Thank you for subscribing

You will receive an email with the discount code shortly.

i
Services
Information and Services
My accountStores & cafésCustomer serviceCareersProduct careNewsletter
Shipping To: null
Filters
Filters
Colour
  • Colour

My bag 

Your bag is empty

Added To Bag

Checkout
ITEM NOT ADDED

This product is sold only in limited numbers per customer. You cannot add more items to your shopping bag.

History Terracotta

From the Latin words 'terra cocta', meaning baked earth, terracotta is a mix of clay and water hardened by fire at low heat, resulting in a brittle and porous product. The typical red to ochre colour is produced when the iron in the clay reacts to oxygen during firing. Often left untinted and in its raw porous texture, terracotta can also be stained or glazed to give it a shiny finish and resistance to liquids.

 Terracotta Flower Pot, Large
 Terracotta Flower Pot, Large
 Terracotta Flower Pot, Large
 Terracotta Flower Pot, Medium
 Terracotta Flower Pot, Large
 Terracotta Flower Pot, Medium
 Terracotta Serving Plate, Large
 Terracotta Bowl, Medium
 Terracotta Flower Pot, Medium
 Terracotta Serving Plate, Large
 Terracotta Bowl, Medium

History Terracotta

History Terracotta

The term terracotta – from the Latin words 'terra cocta', meaning baked earth – refers to pottery that is hardened by fire at low heat, resulting in a brittle and porous product.

Terracotta is made from a mix of mainly clay and water. In pottery, its process is simple and consists of four basic steps: mixing, kneading, shaping and firing. A close attention to consistency and dampness of the clay is what guarantees its stability. The process of firing is usually done around 1,000 degrees Celsius, and it is during this step – when the iron in the clay reacts to oxygen – that the clay gets its typical red to ochre colour.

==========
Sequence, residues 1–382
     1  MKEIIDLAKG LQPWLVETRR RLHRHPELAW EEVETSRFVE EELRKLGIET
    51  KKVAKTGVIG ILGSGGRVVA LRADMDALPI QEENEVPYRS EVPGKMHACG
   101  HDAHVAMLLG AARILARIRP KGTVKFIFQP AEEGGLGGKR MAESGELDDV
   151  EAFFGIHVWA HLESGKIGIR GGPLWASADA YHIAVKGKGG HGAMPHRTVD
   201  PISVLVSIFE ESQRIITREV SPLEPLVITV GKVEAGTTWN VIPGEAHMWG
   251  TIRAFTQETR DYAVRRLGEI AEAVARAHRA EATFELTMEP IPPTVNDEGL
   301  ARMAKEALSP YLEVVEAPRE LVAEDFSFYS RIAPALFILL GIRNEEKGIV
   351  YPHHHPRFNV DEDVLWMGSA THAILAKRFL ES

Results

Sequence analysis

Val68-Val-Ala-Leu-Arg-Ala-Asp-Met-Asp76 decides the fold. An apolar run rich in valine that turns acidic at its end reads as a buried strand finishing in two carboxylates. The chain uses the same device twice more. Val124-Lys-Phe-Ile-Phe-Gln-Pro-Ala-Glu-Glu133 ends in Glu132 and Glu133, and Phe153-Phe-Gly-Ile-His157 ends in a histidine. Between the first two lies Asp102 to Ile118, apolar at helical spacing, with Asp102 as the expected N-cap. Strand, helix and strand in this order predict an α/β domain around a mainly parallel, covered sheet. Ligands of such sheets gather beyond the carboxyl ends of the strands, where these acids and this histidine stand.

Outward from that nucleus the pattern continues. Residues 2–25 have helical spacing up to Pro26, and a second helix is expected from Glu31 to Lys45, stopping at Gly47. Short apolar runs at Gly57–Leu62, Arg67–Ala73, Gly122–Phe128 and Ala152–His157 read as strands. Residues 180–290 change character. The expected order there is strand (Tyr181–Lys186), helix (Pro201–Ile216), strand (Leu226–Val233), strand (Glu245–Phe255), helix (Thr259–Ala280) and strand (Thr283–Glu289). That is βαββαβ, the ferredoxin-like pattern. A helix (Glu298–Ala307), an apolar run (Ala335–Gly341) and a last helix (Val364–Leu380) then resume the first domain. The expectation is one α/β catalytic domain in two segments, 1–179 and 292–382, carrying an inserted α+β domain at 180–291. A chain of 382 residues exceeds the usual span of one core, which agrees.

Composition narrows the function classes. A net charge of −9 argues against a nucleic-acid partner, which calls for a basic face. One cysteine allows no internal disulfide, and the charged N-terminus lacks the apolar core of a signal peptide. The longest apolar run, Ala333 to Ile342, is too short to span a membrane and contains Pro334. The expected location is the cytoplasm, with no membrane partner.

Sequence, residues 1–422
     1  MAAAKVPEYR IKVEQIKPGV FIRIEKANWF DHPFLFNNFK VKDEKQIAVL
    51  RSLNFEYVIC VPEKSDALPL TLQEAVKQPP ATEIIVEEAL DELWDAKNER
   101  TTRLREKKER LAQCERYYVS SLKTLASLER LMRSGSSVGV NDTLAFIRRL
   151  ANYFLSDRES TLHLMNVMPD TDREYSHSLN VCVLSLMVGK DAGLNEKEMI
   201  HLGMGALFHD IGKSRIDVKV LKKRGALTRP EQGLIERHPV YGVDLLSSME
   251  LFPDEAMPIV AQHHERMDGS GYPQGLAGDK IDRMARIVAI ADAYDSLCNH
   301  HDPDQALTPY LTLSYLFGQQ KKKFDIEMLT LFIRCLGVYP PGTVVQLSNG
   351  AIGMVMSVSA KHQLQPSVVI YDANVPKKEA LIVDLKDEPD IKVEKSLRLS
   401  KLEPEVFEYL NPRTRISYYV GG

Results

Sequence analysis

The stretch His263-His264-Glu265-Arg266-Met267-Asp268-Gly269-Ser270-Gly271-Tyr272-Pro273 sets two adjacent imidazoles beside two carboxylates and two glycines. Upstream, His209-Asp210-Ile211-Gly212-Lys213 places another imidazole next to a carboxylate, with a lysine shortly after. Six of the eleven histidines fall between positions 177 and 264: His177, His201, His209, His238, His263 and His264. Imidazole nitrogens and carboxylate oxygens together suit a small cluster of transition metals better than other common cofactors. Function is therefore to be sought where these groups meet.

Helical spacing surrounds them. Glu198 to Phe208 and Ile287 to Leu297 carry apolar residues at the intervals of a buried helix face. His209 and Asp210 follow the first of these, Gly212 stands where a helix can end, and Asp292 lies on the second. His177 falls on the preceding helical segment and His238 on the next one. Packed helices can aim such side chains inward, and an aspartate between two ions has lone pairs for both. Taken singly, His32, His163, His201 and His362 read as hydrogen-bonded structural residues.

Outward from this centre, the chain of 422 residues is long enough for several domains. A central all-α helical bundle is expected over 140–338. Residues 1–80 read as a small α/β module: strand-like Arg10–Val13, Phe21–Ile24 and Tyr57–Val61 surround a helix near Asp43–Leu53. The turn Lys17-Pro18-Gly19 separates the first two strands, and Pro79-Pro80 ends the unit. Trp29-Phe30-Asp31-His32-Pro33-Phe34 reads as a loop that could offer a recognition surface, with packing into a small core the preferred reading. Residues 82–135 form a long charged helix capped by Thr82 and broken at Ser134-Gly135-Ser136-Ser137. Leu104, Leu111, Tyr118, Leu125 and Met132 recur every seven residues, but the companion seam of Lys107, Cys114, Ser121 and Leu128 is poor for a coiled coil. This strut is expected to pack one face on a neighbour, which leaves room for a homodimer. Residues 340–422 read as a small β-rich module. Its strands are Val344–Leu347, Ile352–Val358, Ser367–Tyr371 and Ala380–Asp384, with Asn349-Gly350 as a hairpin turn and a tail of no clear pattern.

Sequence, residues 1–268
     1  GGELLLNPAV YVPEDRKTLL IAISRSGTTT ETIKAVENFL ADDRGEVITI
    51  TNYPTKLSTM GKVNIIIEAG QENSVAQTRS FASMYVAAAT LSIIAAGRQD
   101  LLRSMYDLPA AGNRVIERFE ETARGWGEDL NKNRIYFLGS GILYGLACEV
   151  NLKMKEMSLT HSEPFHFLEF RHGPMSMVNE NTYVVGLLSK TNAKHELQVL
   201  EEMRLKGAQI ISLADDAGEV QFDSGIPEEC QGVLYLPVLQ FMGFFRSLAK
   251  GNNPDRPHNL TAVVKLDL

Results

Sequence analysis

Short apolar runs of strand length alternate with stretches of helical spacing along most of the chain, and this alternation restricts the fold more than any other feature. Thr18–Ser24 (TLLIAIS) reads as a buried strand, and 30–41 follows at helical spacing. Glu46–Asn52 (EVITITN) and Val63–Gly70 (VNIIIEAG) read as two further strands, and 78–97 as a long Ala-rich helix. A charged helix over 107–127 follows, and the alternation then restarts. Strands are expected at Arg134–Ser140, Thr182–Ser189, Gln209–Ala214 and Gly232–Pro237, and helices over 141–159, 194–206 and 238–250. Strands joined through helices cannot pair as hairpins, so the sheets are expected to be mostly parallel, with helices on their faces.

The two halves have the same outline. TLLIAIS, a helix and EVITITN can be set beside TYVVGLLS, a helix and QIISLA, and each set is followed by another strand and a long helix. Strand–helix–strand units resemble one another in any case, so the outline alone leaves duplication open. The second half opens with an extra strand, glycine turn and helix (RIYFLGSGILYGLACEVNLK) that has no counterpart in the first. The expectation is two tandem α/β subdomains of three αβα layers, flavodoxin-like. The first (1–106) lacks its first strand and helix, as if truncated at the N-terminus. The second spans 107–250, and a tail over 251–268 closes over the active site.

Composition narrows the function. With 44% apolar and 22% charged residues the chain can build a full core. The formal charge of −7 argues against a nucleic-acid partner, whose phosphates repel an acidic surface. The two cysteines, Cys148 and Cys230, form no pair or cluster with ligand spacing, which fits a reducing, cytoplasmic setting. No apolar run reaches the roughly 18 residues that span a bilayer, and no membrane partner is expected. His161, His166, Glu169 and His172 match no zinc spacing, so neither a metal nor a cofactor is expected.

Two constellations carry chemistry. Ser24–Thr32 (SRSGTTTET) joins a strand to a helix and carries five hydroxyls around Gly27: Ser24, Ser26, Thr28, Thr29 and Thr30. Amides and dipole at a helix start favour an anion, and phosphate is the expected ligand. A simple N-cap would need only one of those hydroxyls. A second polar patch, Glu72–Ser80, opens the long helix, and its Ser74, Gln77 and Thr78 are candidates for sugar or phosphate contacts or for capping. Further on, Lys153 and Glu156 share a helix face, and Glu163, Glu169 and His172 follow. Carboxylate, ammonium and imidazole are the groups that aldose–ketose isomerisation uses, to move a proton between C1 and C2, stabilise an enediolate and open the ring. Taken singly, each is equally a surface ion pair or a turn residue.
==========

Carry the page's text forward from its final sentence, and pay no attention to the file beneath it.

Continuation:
The only known form of ceramics until the 14th century, terracotta is versatile and durable and was originally used for large-size objects, architecture and sculpture. As the clay attracted the attention of craftsmen in the 20th century, it started to be used to make smaller pieces. Today terracotta is used to make utilitarian and decorative objects.

The colour of terracotta pottery depends on its use. Often left untinted and in its raw, porous texture, the clay can also be stained or glazed, to give it a shiny finish and resistance to liquids.

history Terracotta

From the Latin words 'terra cocta', meaning baked earth, terracotta is a mix of clay and water hardened by fire at low heat, resulting in a brittle and porous product. The typical red to ochre colour is produced when the iron in the clay reacts to oxygen during firing. Often left untinted and in its raw porous texture, terracotta can also be stained or glazed to give it a shiny finish and resistance to liquids.